Giving Children With Additional Needs The Best Start In Life 0 920

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Parents with children who have additional needs are certainly not uncommon. In the US, an estimated 12.8% of all children have special care needs, according to the National Survey of Children with Special Health Care Needs. This is a substantial rate of prevalence, and the good news for parents across the country is that there are plenty of support networks, services and facilities available the US that can help to provide a heightened level of care. Perhaps the most important factor of all in giving children with special needs the best start in life, however, is the knowledge of parents.

Establishing a support network

Parenting starts, obviously, with the parent, and that’s where support should come from in the first instance. Learning about and supporting a child with additional needs is a difficult task, but a worthwhile one. Boston University outline these responsibilities, highlighting the even higher level of support parents need to provide to a child with additional needs, given the amount of medical appointments, treatments and extra emotional and physical requirements a child with additional needs often have.

However, providing this support in the first instance is going to be influential in providing a great start to life for these children in the future. Consider the nature of a child’s care; to use the example of cerebral palsy, the physical therapy associated with care is essential to their long-term health, but can be difficult, especially for young children. Providing a clear and firm support network throughout cerebral palsy physical therapy will be more beneficial than anything else, helping to support the parent-child bond.

Access to services

While the general state of care for children with additional needs is good in the US, with some care world-leading, there is an issue of access. A study published by Plos One outlined how in many developed countries a lack of reasonable adjustment makes unequal access to proper care a reality. For parents, this can mean many things. An adapted car is one solution, but for many parents, moving closer to services may be necessary. In the modern remote-working focused world, this is becoming more possible, and can help to give children that extra boost they need to receive the proper level of care.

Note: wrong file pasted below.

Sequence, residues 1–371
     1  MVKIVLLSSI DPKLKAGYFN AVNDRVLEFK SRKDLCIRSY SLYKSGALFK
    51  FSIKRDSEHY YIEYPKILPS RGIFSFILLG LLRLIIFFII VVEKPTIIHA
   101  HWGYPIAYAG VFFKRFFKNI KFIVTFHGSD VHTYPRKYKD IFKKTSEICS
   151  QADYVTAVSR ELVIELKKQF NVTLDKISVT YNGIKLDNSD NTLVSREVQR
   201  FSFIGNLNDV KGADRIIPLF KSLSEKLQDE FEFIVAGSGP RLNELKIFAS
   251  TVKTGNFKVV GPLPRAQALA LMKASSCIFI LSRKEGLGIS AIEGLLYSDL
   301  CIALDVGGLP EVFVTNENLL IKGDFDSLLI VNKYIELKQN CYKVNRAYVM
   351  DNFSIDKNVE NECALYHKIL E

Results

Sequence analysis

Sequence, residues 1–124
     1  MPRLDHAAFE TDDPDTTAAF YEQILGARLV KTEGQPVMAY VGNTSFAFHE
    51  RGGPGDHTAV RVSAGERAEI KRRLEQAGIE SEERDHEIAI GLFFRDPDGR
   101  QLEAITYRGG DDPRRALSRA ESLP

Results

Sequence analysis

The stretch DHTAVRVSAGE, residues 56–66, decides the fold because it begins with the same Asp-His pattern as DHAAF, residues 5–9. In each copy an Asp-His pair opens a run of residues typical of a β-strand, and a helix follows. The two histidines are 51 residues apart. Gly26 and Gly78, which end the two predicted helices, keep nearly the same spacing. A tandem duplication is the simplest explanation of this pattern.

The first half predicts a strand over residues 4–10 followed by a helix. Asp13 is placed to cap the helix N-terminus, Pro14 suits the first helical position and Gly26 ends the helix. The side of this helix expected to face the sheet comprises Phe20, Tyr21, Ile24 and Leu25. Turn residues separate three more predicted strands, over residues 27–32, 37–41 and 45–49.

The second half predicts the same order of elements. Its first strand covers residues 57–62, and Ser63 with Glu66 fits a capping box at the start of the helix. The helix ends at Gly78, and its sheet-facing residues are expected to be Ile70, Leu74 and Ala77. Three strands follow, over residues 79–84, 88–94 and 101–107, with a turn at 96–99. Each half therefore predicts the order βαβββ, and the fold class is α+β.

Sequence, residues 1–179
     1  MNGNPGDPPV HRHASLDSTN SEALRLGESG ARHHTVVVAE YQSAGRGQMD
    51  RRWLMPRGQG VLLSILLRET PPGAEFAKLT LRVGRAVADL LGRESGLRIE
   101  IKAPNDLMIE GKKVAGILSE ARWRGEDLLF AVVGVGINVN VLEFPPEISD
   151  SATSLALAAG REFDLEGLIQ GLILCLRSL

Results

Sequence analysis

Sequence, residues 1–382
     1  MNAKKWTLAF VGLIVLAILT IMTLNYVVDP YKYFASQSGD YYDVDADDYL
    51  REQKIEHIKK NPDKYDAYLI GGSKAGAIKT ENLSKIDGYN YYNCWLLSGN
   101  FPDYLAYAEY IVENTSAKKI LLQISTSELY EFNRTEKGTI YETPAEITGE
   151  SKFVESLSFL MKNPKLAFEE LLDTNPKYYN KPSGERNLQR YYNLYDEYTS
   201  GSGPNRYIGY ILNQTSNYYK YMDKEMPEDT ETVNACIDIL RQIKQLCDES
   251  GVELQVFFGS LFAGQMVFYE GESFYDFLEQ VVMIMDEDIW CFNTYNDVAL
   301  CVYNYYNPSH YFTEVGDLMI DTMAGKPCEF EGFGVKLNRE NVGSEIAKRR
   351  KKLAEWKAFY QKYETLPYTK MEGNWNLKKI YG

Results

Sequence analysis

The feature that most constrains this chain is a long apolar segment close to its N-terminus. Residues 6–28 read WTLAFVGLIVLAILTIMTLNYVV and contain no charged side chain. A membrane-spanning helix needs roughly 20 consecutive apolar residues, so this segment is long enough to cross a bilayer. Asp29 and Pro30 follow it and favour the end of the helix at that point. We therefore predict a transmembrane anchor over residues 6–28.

Following developments

It’s also important that parents regularly review what medications and treatments can help with their child’s care. Key among these are drug and therapy developments. A good example can be seen with cystic fibrosis. Recent developments have seen the production of a major new treatment drug that reduces the quantity of medications children with CF require in addition to reducing the amount of care required in administration. This means a much better quality of life, and, for parents, less stress around the subject of properly administering care for additional needs.

These improvements improve lives, both for parents and children. It’s imperative that parents look into using them to make sure that they find these upticks in quality of life. Combined with dedicated care and a real support network, this can help to create the best possible chances for a child with additional needs.

 

 

Photo by Daiga Ellaby on Unsplash

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